As the news reel comes to an end we’re taken to a winter setting where an interesting looking mail truck is driving over the snow. It looks like a conventional mail truck, except with tank treads. I always thought it was pretty cool. It’s marked Special Delivery, and our humble driver goes by the name Special Delivery Kluger. Fred Astaire provides the voice, and the lanky, long-chinned, fellow is a bit of a caricature of Astaire in the same way that there was a little bit of Burl Ives in the look of Sam Snowman and certainly a lot of Jimmy Durante in the narrator of Frosty the Snowman. His neat looking truck breaks down and he gets out of it to seemingly notice us, the viewer. We soon find out that old SD here is heading to the North Pole because he has some letters to deliver. He’s talking to us and breaking the fourth wall, but also, the disembodied voices of children can be heard asking questions about Santa Claus, most of which strike me as unimportant (“Why does he have a beard?”), but they are the questions kids ask. And these questions are coming from the letters that SD here is supposed to be delivering, not opening and reading. Seriously bud, that’s a federal offense! Well folks, we’re in for a treat because SD here is going to answer all of those questions and sing us the song for good measure.

Our setting is the always gray Somber Town.

Special Delivery begins the song we all know which takes us into the opening credits. As it goes through, the melody changes and we basically get a sampling of the songs that will follow while Kluger dances around and mishandles the mail which serve as title cards. You would think this guy is in a hurry to get these deliveries out of the way, but I guess not. It’s story time! We’re going to a place called Somber Town which is at the base of the Whispering Mountains. It’s very dreary looking and we’re taken to the home of the Burgermeister (Paul Frees). I guess he’s sort of a mayor or something? His full name is Burgermeister Meisterburger and he’s busy eating. He’s eating some massive hunk of meat with a bib – how cute?

This asshole is known as the Burgermeister.

The head of the guard or something, Grimsley (Frees), enters with something to show his boss. It’s a baby and there’s a note requesting they take care of it from his mother. The only identifying information on the child is a tag that says Claus. The Burgermeister wants nothing to do with a “brat” like this and tells Grimsley to take it away. He does as he’s told and apparently to get to an orphanage you have to pass through some pretty rough terrain. It’s also dark, and it’s snowing, and he’s dragging the baby behind him in a cradle/sled. The wind picks up in intensity and the rope snaps. As Grimsley calls out for Baby Claus to come back (a lot of good that will do), we see it literally lifted by the wind and taken into the forest. No more baby.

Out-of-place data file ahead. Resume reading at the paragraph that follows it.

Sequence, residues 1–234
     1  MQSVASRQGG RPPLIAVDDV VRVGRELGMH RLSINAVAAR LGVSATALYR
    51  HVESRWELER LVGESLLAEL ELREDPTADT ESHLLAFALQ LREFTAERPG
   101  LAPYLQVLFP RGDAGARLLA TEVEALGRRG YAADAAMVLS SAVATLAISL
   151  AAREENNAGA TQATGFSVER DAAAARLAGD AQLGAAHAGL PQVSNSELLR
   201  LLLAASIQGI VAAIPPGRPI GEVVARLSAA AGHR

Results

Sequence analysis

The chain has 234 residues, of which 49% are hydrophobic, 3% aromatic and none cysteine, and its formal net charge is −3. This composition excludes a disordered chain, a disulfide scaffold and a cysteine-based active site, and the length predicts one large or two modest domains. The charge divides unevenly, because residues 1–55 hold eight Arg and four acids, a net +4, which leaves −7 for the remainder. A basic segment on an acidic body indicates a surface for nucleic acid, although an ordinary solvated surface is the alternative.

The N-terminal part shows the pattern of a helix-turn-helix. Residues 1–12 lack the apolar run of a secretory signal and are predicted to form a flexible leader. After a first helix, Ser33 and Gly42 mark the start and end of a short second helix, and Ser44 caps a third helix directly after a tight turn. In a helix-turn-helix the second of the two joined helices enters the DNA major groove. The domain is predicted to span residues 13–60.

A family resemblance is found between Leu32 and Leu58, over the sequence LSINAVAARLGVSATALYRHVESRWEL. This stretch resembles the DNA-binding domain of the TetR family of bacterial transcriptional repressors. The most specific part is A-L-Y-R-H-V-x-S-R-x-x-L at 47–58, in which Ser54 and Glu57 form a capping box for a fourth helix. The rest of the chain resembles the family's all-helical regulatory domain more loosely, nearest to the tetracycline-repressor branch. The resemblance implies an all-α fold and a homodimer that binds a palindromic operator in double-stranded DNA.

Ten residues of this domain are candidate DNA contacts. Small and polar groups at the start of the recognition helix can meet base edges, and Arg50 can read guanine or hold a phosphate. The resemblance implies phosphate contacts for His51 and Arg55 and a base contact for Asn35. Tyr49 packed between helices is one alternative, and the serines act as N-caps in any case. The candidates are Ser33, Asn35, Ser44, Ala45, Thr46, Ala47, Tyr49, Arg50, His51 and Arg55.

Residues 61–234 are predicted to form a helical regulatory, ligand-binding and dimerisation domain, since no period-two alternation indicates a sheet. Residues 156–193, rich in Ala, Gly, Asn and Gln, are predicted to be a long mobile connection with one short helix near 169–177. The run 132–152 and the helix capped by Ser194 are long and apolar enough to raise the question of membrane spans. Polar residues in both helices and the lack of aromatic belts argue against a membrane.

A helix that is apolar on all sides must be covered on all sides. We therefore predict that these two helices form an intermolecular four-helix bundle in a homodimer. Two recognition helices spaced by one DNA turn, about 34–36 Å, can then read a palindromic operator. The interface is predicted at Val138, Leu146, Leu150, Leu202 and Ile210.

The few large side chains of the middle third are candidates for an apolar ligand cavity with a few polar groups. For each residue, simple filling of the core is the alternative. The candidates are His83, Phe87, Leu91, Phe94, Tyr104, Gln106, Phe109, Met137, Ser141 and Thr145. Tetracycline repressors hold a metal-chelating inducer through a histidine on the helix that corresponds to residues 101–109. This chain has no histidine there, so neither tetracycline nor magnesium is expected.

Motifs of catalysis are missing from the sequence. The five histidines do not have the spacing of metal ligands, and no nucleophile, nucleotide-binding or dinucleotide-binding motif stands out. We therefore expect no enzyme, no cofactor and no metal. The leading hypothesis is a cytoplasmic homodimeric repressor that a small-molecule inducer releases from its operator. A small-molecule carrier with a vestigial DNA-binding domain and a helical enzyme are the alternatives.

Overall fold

There’s a baby under that pile of sticks.

The forest is apparently home to a being known as the Winter Warlock. He’s someone not to be trifled with, so when some animals come upon the baby (the cradle somewhat comically smashed into a tree and the baby just tumbled out) and hear the warlock approaching, they quickly hide him under branches and leaves. The warlock just strolls on by and all we see are his robes. Once that danger has passed, the animals know what to do as they take the baby the rest of the way over the Whispering Mountains to Rainbow River Valley where a family of toymakers reside: the Kringles.

These Kringles are confirmed as elves and the animals just leave the baby on their doorstep and get the hell out of there. The door is answered by an elf named Dingle. He looks like a smaller version of Santa, though not particularly elf like, though he does speak in a voice that’s pitched up. He calls for his four other brothers: Ringle, Tingle, Wingle, and Zingle. They’re all voiced by, you guessed it, Paul Frees. They’re all pretty happy to find a baby and immediately take ownership by declaring “Our baby is the best baby of them all.” One of them rather comically just says “I like babies.” He’s the original “I like turtles,” kid.